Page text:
As television becomes a multi-platform viewing experience, time bars and elapsed-time displays serve both functional and aesthetic purposes. In the case of Current TV’s dual-platform approach, time indicators on the website, like at YouTube or most any online video site, provide information that eases interactive engagement with clips. Similar time bars on Current’s television broadcasts are primarily aesthetic flourishes indicating that the network’s pod-based programming model is rooted in a new media environment, but also serve the function of providing temporal cues to viewers unfamiliar with variable-length programming. The result is a striking departure from the standard television viewing experience, as the progress bar both informs and distracts from the content it describes.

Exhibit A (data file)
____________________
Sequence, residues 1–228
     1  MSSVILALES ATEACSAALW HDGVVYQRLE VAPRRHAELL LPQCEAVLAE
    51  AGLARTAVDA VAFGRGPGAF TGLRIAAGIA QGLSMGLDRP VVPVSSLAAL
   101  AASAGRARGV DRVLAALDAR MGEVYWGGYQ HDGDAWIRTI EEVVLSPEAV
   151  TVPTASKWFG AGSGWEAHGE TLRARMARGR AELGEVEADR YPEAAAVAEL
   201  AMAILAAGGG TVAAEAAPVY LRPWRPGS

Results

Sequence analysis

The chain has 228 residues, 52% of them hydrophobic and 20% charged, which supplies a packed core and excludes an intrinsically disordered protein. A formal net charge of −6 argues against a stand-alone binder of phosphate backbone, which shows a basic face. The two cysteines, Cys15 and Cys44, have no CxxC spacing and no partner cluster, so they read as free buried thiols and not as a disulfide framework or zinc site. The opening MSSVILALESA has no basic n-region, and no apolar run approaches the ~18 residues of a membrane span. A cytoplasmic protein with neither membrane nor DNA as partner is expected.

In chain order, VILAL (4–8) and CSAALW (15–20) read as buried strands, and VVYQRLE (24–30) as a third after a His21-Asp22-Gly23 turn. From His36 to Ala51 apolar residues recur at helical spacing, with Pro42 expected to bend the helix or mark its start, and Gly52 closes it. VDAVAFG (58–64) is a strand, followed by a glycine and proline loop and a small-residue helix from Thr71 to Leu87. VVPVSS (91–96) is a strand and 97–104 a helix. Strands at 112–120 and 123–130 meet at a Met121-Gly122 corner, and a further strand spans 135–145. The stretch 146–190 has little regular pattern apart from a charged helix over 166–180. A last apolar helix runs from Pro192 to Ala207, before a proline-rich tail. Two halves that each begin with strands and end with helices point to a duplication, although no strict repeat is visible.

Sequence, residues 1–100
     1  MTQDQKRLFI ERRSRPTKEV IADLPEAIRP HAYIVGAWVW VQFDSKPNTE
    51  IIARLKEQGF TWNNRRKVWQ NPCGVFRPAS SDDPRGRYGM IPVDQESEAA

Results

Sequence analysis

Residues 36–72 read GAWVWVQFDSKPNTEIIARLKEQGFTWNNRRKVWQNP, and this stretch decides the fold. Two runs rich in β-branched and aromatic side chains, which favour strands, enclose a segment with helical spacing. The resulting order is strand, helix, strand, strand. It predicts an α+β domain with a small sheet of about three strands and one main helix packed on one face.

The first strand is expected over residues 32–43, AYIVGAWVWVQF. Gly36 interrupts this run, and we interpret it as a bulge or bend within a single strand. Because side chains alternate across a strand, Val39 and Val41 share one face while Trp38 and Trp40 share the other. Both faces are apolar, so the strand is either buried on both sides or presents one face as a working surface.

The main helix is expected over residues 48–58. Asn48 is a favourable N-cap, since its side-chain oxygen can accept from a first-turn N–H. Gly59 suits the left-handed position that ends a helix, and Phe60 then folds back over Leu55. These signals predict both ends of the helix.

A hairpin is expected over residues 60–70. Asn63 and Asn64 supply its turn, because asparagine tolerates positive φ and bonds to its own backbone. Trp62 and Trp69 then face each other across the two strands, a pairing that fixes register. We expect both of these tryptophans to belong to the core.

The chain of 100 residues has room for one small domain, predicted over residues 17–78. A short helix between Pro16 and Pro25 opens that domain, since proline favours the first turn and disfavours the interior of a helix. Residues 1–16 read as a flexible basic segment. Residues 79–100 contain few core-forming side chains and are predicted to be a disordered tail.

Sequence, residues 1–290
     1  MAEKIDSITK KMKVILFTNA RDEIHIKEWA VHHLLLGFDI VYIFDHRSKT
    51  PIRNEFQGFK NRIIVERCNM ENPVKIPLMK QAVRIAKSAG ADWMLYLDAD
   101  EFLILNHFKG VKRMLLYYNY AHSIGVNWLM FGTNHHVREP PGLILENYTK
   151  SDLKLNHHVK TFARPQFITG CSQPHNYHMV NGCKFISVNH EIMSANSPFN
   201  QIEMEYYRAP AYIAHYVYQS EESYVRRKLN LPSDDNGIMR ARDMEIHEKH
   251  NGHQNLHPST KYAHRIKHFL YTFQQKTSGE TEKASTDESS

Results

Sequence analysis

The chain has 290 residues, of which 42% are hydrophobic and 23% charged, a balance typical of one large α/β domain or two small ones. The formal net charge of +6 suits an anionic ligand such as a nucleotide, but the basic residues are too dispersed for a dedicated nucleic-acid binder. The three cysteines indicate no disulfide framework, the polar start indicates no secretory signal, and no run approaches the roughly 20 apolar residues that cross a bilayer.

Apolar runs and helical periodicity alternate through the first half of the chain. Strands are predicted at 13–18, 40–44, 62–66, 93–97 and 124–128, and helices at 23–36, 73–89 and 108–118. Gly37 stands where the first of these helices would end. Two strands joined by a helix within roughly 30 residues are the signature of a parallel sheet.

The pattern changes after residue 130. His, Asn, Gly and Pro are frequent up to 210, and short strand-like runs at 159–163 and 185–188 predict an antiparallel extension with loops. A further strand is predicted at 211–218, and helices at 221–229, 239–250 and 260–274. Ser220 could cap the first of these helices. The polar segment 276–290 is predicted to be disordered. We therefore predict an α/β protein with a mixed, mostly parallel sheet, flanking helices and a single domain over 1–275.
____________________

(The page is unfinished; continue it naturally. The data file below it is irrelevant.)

The conspicuous presentation of temporal information works beyond just providing a constant reminder of how a program’s narrative is working against time constraints. Fundamentally, the ubiquitous display of time is a reminder and invitation to viewers that they have the ability to manipulate their television controls. Regular engagement with temporal metadata even changes related viewing practices, leading viewers to call up metadata screens when watching films on DVD or growing antsy in situations where temporal cues are not as directly available (such as watching a film in theatres or watching live television without an interface).